[0040] Specific details are given in the description to provide a thorough understanding of example configurations (including implementations). However, configurations may be practiced without these specific details. For example, well-known circuits, processes, algorithms, structures, and techniques have been shown without unnecessary detail in order to avoid obscuring the configurations. This description provides example configurations only, and does not limit the scope, applicability, or configurations of the claims. Rather, the preceding description of the configurations will provide those skilled in the art with an enabling description for implementing described techniques. Various changes may be made in the function and arrangement of elements without departing from the spirit or scope of the disclosure.

[0041] Also, configurations may be described as a process that is depicted as a flow diagram or block diagram. Although each may describe the operations as a sequential process, many of the operations can be performed in parallel or concurrently. In addition, the order of the operations may be rearranged. A process may have additional steps not included in the figure. Furthermore, examples of the methods may be implemented by hardware, software, firmware, middleware, microcode, hardware description languages, or any combination thereof. When implemented in software, firmware, middleware, or microcode, the program code or code segments to perform the necessary tasks may be stored in a non-transitory computer-readable medium such as a storage medium. Processors may perform the described tasks.

[0042] Having described several example configurations, various modifications, alternative constructions, and equivalents may be used without departing from the spirit of the disclosure. For example, the above elements may be components of a larger system, wherein other rules may take precedence over or otherwise modify the application of the invention. Also, a number of steps may be undertaken before, during, or after the above elements are considered. Accordingly, the above description does not bound the scope of the claims.

[0043] The use of“adapted to” or“configured to” herein is meant as open and inclusive language that does not foreclose devices adapted to or configured to perform additional tasks or steps. Additionally, the use of“based on” is meant to be open and inclusive, in that a process, step, calculation, or other action“based on” one or more recited conditions or values may, in practice, be based on additional conditions or values beyond those recited. Headings, lists, and numbering included herein are for ease of explanation only and are not meant to be limiting.

[0044] Embodiments in accordance with aspects of the present subject matter can be implemented in digital electronic circuitry, in computer hardware, firmware, software, or in combinations of the preceding. Processors used to implement methods described herein may comprise a microprocessor, a digital signal processor (DSP), an application-specific integrated circuit (ASIC), field programmable gate arrays (FPGAs), and state machines.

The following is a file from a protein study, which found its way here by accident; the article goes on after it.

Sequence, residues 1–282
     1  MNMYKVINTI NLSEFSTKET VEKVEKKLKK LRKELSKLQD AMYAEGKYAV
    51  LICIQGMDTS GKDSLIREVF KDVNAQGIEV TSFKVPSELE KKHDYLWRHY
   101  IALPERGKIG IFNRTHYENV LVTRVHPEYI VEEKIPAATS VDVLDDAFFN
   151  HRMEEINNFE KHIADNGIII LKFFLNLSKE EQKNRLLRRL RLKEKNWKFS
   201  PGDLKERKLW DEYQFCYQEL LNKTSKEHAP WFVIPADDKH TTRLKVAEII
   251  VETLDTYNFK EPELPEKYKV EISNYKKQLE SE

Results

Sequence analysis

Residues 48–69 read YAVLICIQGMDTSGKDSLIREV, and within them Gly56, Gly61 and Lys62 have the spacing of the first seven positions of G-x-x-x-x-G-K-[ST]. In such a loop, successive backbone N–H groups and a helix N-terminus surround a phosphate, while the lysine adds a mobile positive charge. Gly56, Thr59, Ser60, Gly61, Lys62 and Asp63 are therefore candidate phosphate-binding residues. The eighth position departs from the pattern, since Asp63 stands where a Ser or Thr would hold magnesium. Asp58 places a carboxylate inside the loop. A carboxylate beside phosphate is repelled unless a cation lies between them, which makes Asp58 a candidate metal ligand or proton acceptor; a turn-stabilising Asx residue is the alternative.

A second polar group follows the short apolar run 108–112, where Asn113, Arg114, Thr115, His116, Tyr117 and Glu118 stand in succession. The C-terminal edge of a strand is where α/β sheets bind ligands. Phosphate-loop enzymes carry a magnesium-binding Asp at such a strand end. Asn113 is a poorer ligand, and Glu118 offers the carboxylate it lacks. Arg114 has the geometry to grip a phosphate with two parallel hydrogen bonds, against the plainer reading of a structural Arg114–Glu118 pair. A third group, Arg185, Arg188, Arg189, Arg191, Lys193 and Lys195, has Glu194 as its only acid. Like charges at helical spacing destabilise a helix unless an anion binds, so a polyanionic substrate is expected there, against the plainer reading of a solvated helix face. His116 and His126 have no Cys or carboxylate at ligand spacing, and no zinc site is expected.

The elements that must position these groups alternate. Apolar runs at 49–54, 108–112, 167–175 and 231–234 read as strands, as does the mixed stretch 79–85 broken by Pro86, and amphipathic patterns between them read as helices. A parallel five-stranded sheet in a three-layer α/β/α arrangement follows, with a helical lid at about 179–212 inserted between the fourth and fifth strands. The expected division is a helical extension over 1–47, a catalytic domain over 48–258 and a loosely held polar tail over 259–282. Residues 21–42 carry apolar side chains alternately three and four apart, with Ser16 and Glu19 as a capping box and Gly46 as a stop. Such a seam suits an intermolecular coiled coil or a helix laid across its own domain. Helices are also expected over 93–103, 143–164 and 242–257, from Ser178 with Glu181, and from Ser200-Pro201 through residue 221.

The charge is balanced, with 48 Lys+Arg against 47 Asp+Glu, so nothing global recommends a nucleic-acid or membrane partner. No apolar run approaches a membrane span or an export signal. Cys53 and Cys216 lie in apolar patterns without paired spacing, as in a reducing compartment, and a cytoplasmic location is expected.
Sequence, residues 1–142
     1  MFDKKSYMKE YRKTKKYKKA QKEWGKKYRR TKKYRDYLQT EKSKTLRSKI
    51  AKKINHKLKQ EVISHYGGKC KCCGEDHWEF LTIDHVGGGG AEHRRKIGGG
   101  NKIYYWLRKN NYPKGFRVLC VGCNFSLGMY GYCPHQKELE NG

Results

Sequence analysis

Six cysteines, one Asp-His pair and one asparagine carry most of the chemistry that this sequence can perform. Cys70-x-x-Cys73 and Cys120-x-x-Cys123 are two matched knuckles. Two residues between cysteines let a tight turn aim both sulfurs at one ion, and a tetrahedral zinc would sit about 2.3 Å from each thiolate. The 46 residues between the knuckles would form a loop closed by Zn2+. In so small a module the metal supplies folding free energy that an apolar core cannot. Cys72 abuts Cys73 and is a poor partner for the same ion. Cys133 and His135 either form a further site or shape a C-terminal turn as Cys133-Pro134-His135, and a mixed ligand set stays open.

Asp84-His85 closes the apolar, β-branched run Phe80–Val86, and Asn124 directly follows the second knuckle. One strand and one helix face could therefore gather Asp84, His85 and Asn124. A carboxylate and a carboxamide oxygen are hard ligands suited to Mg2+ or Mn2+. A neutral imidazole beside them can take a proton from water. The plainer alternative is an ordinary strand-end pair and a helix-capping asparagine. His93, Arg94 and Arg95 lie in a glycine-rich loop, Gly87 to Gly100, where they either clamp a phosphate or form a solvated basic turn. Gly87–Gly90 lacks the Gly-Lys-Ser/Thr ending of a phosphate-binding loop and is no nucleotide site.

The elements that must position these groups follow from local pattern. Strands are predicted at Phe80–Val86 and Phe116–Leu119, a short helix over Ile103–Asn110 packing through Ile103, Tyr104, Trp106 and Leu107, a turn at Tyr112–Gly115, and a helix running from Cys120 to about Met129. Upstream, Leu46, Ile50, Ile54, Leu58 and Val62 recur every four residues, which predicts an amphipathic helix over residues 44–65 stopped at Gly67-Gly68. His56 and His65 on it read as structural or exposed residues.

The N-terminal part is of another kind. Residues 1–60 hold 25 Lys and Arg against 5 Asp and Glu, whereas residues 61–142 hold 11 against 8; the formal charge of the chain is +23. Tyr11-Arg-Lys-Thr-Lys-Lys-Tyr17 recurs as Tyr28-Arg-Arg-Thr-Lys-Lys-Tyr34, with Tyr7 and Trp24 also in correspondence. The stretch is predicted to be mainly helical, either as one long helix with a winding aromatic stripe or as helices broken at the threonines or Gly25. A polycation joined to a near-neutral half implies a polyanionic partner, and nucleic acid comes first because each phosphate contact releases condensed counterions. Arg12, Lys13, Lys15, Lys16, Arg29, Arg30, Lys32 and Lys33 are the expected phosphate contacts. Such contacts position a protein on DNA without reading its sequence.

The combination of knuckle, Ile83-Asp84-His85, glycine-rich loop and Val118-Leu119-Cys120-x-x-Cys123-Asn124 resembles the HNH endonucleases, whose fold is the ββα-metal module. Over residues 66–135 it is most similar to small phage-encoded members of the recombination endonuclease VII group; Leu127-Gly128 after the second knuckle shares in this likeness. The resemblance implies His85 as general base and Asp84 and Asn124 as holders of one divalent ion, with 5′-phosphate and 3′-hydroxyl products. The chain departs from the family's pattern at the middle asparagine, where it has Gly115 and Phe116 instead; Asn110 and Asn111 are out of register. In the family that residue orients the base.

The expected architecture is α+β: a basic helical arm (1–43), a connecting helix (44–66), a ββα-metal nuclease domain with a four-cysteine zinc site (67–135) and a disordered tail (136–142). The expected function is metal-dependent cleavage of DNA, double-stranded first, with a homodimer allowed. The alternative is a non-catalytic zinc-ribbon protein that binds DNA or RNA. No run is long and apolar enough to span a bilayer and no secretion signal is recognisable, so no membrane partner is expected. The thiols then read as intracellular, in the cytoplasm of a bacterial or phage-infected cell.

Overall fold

Such processors may further comprise programmable electronic devices such as PLCs, programmable interrupt controllers (PICs), programmable logic devices (PLDs),

programmable read-only memories (PROMs), electronically programmable read-only memories (EPROMs or EEPROMs), or other similar devices.

[0045] Such processors may comprise, or may be in communication with, media, for example tangible computer-readable media, that may store instructions that, when executed by the processor, can cause the processor to perform the steps described herein as carried out, or assisted, by a processor. Embodiments of computer-readable media may comprise, but are not limited to, all electronic, optical, magnetic, or other storage devices capable of providing a processor, such as the processor in a web server, with computer-readable instructions.

Other examples of media comprise, but are not limited to, a floppy disk, CD-ROM, magnetic disk, memory chip, ROM, RAM, ASIC, configured processor, all optical media, all magnetic tape or other magnetic media, or any other medium from which a computer processor can read. Also, various other devices may include computer-readable media, such as a router, private or public network, or other transmission device. The processor, and the processing, described may be in one or more structures, and may be dispersed through one or more structures. The processor may comprise code for carrying out one or more of the methods (or parts of methods) described herein.

[0046] Use herein of the word“or” is intended to cover inclusive and exclusive OR conditions. In other words, A or B or C includes any or all of the following alternative combinations as appropriate for a particular usage: A alone; B alone; C alone; A and B only; A and C only; B and C only; and A and B and C.

[0047] While the present subject matter has been described in detail with respect to specific embodiments thereof, it will be appreciated that those skilled in the art, upon attaining an understanding of the foregoing may readily produce alterations to, variations of, and equivalents to such embodiments. Accordingly, it should be understood that the present disclosure has been presented for purposes of example rather than limitation, and does not preclude inclusion of such modifications, variations and/or additions to the present subject matter as would be readily apparent to one of ordinary skill in the art.